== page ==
Minister of Electricity Miguel Calahorrano says that last week’s start-up of the new hydro electric facility at Mazar signals the beginning of energy independence for Ecuador. He added that it also means that the type of electric blackouts experienced in the country during last fall’s severe drought are much less likely.
One of the two turbines at Mazar began generating electricity May 31. The plant’s second generator is expected to go on-line by mid-July.
The Mazar facility is located upstream from the larger Central Hydro Paute facility on the Rio Paute. Hydro Paute provides between 25% and 35% of Ecuador’s electric needs. According to Calahorrano, the two generating plants, when fully operational, will provide more than half of the country’s power.
Mazar, about 40 miles east of Cuenca, went on line the same week that Ecuador’s government signed a $1.68 billion loan agreement with China’s Ex-Im Bank to fund construction of the massive Coca Coda Sinclair hydroelectric plant on the Napo River. Coca Coda Sinclair will take five years to build but, once complete, will be able to electrify Quito, Guayaquil and Cuenca, Ecuador’s largest cities. At that point, says Calahorrano, Ecuador will no longer need to import electricity from Colombia and Peru.
INFLATION RATE REMAINS LOW; EXPERTS PREDICT A 4% TO 5% INCREASE FOR THE YEAR
Ecuador's consumer price index rose 0.02% in May compared with the previous month, the National Statistics and Census Institute, or INEC, said Friday.
In April the consumer price index rose 0.52%. The CPI rose 3.24% over the 12-month period through May.
Officials at INEC say that the CPI is encouraging. “When you compare Ecuador’s rate to other countries in Latin America, we are doing very well.” The Central Bank statement said that Ecuador is one of only five countries in Latin America with an inflation rate in the single digits. Venezuela and Argentina have the highest rates at almost 25% annually.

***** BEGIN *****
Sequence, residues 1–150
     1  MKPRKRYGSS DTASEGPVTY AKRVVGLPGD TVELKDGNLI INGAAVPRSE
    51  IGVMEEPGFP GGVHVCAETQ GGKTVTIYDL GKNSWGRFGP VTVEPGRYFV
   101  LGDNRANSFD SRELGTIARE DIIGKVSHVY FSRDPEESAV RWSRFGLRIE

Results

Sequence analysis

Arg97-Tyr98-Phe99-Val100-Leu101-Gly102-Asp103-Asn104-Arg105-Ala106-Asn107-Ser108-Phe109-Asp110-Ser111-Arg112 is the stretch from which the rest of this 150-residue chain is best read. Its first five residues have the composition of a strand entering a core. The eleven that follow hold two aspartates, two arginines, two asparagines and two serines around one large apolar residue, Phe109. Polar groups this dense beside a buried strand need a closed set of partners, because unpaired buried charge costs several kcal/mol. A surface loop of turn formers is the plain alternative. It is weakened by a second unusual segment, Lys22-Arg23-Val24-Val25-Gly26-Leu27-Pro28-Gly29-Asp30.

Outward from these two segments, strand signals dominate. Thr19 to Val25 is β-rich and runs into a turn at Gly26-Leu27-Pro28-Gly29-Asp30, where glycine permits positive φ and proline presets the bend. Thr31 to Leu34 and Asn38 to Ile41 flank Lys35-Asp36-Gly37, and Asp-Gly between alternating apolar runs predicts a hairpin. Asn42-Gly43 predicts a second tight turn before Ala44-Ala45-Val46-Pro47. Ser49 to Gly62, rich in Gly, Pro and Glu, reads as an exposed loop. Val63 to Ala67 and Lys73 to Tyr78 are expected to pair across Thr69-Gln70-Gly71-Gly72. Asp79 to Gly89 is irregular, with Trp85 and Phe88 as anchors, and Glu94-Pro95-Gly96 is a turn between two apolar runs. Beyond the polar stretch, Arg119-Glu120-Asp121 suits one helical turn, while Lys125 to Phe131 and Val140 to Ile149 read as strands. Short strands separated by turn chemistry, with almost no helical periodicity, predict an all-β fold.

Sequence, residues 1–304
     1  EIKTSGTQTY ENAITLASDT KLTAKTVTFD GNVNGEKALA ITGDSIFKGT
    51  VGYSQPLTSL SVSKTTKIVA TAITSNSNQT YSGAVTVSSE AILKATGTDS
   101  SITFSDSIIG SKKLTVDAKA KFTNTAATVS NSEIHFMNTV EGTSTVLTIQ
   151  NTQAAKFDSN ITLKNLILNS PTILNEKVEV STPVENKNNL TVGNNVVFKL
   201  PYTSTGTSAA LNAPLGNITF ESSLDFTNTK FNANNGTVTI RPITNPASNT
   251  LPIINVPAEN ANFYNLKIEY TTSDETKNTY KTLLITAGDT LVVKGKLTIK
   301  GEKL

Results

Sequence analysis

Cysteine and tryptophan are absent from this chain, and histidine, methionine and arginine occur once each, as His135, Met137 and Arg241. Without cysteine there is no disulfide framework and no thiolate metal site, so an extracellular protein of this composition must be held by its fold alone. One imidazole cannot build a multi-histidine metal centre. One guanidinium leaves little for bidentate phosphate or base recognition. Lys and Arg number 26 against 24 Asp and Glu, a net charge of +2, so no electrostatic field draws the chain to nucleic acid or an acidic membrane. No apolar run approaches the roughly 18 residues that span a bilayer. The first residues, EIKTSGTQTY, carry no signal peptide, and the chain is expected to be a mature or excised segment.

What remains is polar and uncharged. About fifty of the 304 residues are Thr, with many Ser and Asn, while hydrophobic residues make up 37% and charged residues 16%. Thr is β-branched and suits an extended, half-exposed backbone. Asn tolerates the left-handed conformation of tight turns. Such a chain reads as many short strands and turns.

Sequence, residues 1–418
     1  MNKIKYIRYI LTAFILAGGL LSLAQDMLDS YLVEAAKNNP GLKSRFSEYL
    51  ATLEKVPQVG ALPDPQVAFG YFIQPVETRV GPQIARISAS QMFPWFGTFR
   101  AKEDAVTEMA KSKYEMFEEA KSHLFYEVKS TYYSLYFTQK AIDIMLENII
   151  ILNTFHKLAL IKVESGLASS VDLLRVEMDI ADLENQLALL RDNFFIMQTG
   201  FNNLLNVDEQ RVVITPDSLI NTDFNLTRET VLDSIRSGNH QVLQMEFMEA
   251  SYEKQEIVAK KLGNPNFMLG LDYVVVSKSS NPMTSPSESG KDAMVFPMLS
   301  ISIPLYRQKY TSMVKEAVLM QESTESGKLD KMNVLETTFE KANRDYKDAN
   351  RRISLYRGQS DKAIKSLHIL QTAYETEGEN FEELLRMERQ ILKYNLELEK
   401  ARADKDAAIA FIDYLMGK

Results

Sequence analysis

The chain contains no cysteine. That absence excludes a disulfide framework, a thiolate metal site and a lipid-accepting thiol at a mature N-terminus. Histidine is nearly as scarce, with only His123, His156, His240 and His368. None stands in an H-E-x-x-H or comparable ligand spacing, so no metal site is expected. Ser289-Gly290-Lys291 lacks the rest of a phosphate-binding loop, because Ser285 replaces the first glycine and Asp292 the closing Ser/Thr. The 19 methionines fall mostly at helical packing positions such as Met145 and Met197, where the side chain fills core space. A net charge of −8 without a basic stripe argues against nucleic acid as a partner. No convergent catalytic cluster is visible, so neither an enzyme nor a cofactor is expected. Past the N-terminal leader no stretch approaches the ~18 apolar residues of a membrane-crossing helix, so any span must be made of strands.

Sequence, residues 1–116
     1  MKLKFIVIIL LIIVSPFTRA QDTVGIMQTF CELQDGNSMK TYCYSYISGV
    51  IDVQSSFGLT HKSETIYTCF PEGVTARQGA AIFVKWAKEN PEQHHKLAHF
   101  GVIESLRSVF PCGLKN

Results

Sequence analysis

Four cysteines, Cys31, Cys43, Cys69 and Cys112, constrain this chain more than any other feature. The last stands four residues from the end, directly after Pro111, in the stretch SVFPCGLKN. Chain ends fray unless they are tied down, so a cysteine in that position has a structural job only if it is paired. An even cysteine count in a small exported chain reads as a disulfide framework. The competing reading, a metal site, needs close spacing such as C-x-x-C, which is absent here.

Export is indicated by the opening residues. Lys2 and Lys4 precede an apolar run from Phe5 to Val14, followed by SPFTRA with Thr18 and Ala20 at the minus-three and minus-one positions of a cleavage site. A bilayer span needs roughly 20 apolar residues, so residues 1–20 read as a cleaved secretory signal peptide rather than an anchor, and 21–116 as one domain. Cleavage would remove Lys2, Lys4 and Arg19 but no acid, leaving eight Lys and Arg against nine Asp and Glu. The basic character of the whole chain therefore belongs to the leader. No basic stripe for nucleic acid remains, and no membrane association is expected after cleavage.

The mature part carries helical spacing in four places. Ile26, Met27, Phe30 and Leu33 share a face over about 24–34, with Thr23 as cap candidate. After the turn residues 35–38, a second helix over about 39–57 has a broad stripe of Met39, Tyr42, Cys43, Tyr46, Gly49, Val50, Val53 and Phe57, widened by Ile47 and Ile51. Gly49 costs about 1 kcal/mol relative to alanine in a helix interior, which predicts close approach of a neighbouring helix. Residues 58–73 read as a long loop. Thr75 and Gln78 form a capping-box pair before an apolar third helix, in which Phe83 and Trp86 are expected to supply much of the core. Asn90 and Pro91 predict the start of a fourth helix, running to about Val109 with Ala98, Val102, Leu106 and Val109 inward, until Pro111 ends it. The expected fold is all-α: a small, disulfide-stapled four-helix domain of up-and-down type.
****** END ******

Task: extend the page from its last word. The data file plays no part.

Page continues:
INEC reported that inflation throughout Ecuador varied only slightly, with the rate higher in Guayaquil and Cuenca.
TUNGURAHUA ACTIVITY SUBSIDES BUT SCIENTISTS SAY NEW ERUPTIONS ARE POSSIBLE
Ecuador’s Geophysical Institute reported on Monday that activity at Volcan Tungurahua was subsiding after last week’s resurgence. "There has been a decrease in the activity of the volcano,” the institute said in its morning bulletin. The statement emphasized, however, that the danger was not over and new eruptions were possible. Lava continued to flow from the crater, although at a reduced rate and ash continued to shower an area within 10 kilometers of the crater.
The Institute said that a large pool of lava was forming in the crater. “The can mean many things. One is that this cycle of activity is beginning to end. Another is that we are building for another eruption,” said a spokesman for the Institute.
SWEEP OF AV. REMIGIO CRESPO RESULTS 35 ARRESTS AND BUSINESS CLOSURES
Police arrested 35 Friday night in an operation to stop under-age drinking. Three night clubs and seven stores were also closed due to the sale of liquor to minors. Two people were arrested for indecent exposure
Police say they encountered some rock throwing and insults as they conducted the raid but said they were simply enforcing the law.
Night clubs that were shut down included Yoco, Valvet, As de Negros and Pecado. Two liquor stores on Av. Crespo, La Taberna and Safari were also shuttered.
Photo caption: The new dam at Mazar